Saturday, June 9, 2012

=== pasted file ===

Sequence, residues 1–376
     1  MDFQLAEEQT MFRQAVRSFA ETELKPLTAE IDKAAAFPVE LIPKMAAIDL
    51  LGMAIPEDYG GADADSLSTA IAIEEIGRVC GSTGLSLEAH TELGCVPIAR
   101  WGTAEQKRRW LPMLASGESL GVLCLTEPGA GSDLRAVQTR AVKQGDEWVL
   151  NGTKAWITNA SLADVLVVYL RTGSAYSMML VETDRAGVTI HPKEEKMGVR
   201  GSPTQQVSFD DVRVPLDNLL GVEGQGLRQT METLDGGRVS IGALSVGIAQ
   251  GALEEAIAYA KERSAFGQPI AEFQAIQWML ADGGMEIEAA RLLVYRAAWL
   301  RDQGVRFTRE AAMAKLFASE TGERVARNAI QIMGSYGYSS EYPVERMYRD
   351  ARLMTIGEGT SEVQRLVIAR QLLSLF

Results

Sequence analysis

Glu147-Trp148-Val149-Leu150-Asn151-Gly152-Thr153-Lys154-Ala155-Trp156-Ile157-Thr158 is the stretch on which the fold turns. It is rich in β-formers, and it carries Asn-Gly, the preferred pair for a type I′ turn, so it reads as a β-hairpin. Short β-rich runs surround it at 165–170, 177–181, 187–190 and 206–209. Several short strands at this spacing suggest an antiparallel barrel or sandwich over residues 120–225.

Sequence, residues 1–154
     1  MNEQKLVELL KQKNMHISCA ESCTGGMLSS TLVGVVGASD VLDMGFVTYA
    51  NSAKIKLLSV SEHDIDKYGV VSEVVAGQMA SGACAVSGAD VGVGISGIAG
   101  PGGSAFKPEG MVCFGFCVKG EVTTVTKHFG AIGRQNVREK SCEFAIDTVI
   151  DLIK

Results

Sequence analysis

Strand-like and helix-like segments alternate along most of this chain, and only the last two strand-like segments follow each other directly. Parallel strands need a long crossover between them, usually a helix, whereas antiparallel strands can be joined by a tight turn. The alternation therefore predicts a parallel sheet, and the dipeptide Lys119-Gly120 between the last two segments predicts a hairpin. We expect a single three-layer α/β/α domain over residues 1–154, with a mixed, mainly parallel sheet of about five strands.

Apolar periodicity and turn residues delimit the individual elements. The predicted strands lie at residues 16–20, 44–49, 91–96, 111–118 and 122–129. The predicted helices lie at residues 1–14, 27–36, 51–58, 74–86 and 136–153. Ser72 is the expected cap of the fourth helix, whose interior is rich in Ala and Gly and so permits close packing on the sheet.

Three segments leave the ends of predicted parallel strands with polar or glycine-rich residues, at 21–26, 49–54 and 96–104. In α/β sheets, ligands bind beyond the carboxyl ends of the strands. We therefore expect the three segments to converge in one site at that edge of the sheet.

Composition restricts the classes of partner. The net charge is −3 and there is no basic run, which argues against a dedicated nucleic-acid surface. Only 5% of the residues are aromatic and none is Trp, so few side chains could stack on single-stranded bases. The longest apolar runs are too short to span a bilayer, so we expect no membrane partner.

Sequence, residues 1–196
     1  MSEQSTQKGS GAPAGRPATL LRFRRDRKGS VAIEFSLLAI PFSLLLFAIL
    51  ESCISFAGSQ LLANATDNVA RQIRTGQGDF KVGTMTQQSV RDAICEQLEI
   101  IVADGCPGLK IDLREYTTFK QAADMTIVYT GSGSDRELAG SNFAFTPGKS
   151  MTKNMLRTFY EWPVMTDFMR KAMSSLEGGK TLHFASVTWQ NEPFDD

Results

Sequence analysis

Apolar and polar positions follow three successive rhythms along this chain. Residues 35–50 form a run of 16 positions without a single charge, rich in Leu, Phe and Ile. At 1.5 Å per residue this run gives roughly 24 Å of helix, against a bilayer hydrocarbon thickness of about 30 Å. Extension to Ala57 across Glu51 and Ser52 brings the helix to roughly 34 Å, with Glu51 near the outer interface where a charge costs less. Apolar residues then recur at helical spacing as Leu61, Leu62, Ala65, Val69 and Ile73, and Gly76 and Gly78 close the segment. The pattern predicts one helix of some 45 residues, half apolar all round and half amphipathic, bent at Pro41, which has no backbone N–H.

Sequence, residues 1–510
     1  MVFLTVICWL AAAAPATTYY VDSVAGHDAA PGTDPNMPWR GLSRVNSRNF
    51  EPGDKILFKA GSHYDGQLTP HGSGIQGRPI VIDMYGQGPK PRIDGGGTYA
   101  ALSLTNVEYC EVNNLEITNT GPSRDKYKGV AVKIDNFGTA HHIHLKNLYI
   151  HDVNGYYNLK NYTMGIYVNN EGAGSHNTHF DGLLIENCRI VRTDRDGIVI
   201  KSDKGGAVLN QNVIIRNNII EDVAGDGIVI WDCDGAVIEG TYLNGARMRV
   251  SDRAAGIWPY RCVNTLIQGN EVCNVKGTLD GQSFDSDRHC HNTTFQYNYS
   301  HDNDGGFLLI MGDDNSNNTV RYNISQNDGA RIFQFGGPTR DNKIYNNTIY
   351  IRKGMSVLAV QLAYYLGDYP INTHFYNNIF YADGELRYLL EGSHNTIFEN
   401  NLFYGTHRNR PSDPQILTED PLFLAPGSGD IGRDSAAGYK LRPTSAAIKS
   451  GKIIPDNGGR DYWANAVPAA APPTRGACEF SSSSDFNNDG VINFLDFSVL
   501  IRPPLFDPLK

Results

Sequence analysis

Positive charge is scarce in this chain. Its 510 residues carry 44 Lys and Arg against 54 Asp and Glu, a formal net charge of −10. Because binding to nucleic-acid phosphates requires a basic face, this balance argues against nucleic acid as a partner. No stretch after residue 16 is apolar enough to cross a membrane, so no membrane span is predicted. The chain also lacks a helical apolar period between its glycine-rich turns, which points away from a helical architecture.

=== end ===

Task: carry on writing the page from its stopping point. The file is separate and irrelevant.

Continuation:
Judge Maria Lourdes Afiuni, a judge in Caracas, Venezuela has been held in detention in Caracas for the past thirty months, accused of such crimes as "spiritual corruption" and "assist a prisoner's escape." The latter charge arose when, while sitting as a judge, she granted bail pending trial for a political prioner who had himself spent thirty months in jail, without trial. While her decision was clearly legal, it led to President Chavez denouncing her as a "bandit" on national tv, and demanding thirty years in jail for her. Calls for an end to her sufferings have spanned the political universe, from Noam Chomsky on the left to Conservative members of the European Parliament. She has been represented in court hearings by Jose A. Graterol, a well-respected and experienced criminal defense lawyer. On June 2, 2012, Afiuni's lawyer, Graterol, was himself arrested after giving a television interview critical of the Venezuelan justice system. This unprecedented arrest was immediately criticized in the strongest terms by the Venezuelan Federation of Lawyers, the International Commission of Jurists, and Human Rights Watch, which stated that the arrest appeared to be an act of retaliation for Graterol's aggressive defense of Afiuni, both within the Venezuelan court system, and internationally. The Venezuelan Justice system has recently suffered the defection of two members of the Supreme Court, both appointed by the present Chavez government, and both of whom have made grave accusations which, if true, would entirely undermine the integrity of the judicial system. For example, the Chief Justice of the Criminal Division of the Supreme Court, Justice Aponte Aponte, revealed that each week's "judicial" decisions were actually made by the Executive, not the judiciary, in earler weekly meetings presided over by the Vice President. As well, Aponte said judges were routinely threatened with violence to insure "politically correct" rulings, both in political cases as well as in cases involving drug trafficking. In these latter cases, he said, he would be instructed by calls from the President and his staff as to which accused should be acquitted, and which ones to be found guilty and sentenced. A second Supreme Court Judge independently confirmed most of these points. When these allegations became public, the Attorney General of Venezuela announced they did not merit any investigation whatsoever. It is this system of "justice" which Jose Graterol is now accused of obstructing. It is this system of justice which Judge Afiuni refused to accomodate, a decision which caused her to be pulled from the bench by secret police and kept in custody two and one half years to date, without any trial. The proceedings against Graterol (as with Afiuni) thus far have been rife with lawlessness. Deadlines which insure that pretrial incarceration be limited, have not been met. The Criminal Code infraction with which he is charged requires proof of threats, fraud, or violence, but no specific threat, fraud, or violence has even been alleged. However, a gag order has been imposed which would limit press access, and which prevents any travel. Given that Afiuni's case has been taken up in the UN General Assembly and other international bodies, the travel restriction is particularly onerous, even if Graterol can obtain bail. Finally, it appears that the charges against Graterol will limit Justice Afiuni's right to be represented by the lawyer of her choice. There have been previous attempts to have Graterol disqualified, and to impose a state employee "duty counsel" to represent her. These lawyers, often inexperienced, are far from independent and can lose their jobs whenever the government wishes. Even if Jose Graterol is given bail pending his trial, it is likely that Judge Maria Afiuni's trial will either occur with no lawyer representing her, or will not occur for many years, due to the removal of Graterol. For this reason, the InterAmerican Federation of Lawyers called the arrest of Graterol "frightening" "arbitrary", and "a clear departure from the rule of law guaranteed by the Constitution and the norms of international law."